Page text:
Economic View

MX17_Economic View_Mauricio Garza.jpgWhat are the key factors and points of improvement that are needed to stimulate growth in the transportation and logistics sector in Mexico?

MAURICIO GARZA: Mexico faces a great challenge in improving its logistics sector. Today in Mexico, logistics costs are twice that of other developed nations; hence there is an urgent need to improve the rail and road network. About 86% of the roads in Mexico are two-lane roads, but for a competitive infrastructure, we need four-lane roads. There are similar issues with rail connectivity, with only about 10-12% of national imports and exports being delivered via the rail system.

There are numerous opportunities to balance those figures. For long distance, rail simplifies transport because it is faster and cheaper. Mexico has to work towards consolidating a logistics center; we need to specialize our sector to make the logistics supply chain more efficient so that we can reduce costs.

How can port infrastructure projects improve companies’ connectivity and satisfy their logistics demand?

GARZA: Interpuerto, for example, offers significant advantages, as it is the only project in Nuevo Leon that has intermodal connectivity, with two rail connections – Ferromex and Kansas City – making it possible to import from one and export to the other, or vice versa. Interpuerto offers infrastructure in one place, essentially making it a one-stop shop where all the services and infrastructure are available.

Having everything in the same location helps companies to focus on their primary business goals, reducing logistics costs and time. Furthermore, we have a Customs facility and free trade zone on site, which facilitates Customs works from our installations. 

Interpuerto operates the same way the border does while being 200 km into the country, which is something that considerably increases flexibility. This translates into less traffic and saves time for the Customs authority to release the merchandise.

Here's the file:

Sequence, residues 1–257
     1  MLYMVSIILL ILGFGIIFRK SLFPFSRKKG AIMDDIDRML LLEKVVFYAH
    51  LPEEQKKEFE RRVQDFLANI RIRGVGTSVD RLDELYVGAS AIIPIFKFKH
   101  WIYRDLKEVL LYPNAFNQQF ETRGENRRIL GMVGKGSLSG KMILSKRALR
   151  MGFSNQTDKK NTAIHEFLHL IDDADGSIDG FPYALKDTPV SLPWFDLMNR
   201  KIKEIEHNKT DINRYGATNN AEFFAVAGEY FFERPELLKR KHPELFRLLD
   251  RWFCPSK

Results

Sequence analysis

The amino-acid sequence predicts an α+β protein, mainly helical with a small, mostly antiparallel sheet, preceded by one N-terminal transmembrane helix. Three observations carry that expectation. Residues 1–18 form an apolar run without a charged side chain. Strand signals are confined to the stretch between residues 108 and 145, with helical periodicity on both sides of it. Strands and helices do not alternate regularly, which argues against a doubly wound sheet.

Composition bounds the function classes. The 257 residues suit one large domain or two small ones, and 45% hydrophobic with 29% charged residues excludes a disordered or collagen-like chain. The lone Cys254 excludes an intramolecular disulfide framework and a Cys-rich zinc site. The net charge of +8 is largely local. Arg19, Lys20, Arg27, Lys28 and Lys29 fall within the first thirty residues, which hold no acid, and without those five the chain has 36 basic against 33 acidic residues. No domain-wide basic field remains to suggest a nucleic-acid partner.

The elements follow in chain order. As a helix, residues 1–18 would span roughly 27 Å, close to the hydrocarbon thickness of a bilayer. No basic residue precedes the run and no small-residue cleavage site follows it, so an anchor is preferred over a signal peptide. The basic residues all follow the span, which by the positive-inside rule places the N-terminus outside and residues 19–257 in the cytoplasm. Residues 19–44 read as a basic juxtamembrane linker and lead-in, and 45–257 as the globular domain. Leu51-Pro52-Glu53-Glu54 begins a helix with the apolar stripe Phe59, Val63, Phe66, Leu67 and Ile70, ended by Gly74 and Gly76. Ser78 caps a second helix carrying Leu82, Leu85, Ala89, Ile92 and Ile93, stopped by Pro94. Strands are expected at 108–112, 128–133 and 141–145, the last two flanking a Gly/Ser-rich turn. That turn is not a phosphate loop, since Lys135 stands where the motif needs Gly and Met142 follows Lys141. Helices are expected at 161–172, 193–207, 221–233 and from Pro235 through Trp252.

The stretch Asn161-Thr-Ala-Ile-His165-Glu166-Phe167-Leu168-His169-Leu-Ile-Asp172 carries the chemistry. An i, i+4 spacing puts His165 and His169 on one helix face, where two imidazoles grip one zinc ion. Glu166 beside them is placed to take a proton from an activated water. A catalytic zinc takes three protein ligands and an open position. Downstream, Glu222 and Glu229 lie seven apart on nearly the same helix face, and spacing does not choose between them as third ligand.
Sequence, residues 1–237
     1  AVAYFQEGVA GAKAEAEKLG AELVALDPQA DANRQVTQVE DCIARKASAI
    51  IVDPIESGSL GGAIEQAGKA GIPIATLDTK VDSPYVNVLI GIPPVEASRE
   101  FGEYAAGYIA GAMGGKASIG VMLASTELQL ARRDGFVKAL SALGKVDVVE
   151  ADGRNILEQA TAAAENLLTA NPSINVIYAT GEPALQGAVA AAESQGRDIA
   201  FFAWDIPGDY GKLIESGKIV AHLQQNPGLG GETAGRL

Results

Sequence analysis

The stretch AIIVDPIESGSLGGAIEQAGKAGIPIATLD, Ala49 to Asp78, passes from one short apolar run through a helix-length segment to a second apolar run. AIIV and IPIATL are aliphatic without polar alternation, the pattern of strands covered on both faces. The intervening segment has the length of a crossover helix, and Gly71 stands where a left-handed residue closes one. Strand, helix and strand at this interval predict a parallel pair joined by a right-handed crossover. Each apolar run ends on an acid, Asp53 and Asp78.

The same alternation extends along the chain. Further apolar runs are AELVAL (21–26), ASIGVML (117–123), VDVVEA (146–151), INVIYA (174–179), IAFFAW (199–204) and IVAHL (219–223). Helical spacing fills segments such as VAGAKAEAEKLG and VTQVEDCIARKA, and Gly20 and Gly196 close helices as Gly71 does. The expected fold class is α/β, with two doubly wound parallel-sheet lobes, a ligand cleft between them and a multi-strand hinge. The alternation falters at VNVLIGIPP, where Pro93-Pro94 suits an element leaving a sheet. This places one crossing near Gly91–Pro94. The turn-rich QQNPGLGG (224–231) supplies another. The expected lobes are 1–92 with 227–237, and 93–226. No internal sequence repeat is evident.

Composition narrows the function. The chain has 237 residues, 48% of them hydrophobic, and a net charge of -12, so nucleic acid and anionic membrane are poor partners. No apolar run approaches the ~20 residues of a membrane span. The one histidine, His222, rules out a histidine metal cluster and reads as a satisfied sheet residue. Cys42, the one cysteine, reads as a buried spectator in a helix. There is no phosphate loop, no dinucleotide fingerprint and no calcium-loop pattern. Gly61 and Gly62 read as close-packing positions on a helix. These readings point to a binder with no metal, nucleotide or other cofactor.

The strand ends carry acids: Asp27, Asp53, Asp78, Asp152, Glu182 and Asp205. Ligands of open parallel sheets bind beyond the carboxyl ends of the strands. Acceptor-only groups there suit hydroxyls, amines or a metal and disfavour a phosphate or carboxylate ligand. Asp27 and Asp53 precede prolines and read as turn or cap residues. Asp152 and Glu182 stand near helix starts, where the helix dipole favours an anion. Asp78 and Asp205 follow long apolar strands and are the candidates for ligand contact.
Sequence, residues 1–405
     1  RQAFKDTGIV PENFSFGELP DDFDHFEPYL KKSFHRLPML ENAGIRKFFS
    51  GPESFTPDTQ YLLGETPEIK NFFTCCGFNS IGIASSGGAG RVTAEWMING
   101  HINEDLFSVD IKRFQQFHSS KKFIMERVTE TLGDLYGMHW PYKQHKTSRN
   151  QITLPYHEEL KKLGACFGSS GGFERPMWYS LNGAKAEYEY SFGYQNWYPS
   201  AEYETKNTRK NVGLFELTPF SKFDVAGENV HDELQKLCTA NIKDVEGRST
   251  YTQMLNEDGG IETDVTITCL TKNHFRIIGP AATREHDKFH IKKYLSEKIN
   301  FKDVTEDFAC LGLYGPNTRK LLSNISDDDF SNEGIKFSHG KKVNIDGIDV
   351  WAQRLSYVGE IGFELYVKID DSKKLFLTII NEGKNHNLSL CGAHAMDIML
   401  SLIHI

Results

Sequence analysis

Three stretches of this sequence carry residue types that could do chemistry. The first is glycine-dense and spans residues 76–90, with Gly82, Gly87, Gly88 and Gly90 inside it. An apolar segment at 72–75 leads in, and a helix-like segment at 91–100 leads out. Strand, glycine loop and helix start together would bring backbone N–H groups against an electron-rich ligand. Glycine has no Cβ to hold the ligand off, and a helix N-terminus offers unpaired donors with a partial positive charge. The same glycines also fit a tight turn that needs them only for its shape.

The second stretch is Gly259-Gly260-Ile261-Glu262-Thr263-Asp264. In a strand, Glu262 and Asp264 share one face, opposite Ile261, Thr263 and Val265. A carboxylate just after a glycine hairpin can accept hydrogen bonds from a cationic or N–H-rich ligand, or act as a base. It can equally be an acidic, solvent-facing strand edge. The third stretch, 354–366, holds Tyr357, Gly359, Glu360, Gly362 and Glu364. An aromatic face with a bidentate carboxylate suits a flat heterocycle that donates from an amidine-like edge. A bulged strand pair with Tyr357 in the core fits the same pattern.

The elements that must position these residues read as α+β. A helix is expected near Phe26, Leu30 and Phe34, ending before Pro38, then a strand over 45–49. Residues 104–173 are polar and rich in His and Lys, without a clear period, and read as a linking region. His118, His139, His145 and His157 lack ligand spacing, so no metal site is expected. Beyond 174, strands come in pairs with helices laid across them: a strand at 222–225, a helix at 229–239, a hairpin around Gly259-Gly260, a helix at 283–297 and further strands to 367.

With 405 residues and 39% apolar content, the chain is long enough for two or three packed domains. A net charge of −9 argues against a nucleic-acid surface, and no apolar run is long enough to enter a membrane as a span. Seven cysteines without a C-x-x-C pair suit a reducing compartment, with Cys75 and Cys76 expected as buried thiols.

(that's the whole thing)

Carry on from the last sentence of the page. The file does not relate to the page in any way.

What is the infrastructure deficit in Nuevo León, and what does the state need to do in order to give it a qualitative leap towards the development of manufacturing and logistics?

GARZA: Nuevo León has several projects under way to renew and update its infrastructure connections. From the private perspective, there is a tremendous opportunity to develop connections between industrial parks and logistic hubs, like the link with Laredo through Colombia Bridge. Laredo’s strategic location allows Nuevo León to transfer products made in the region. Also, the Mexico City–Guadalajara highway will also get great exposure since Monterrey is in between both market hubs, located in the northern part of Mexico’s “Golden Triangle”.

From the public sector, the government wants to reduce the traffic in Monterrey, by diverting merchandise transport out of the city. In order to achieve that goal, there is a major project to take out all the rails within the city so the container terminal in Monterrey will be moved. This is a mutually beneficial situation, where the state government, Kansas City, and Ferromex are working to improve the quality of life of Monterrey’s citizens by creating a more attractive city. The government is aware of the situation and has made efforts to reduce debts and to keep investing in infrastructure, thereby creating more labour potential, more taxes, and more income.

Which markets hold potential for Mexican companies? 

GARZA: The relations between Mexico and the US are essential since they are major production partners, as well as commercial partners. Of the products exported to the US, about 40% of their components are US-made, reflecting our interactive economies. However, Mexico has the potential and the qualifications to penetrate other markets.

On the one hand, I consider Europe to be a conservative market with a lot of potential for developed economies, such as Germany, France, Italy or the UK. On the other hand, it could be interesting to reinforce our presence in Asia. Japan, South Korea, and China are big countries, with many needs that can be fulfilled by Mexican products. Nevertheless, I believe that one of the national priorities is boosting and developing the internal Mexican market, while concurrently building a more attractive country.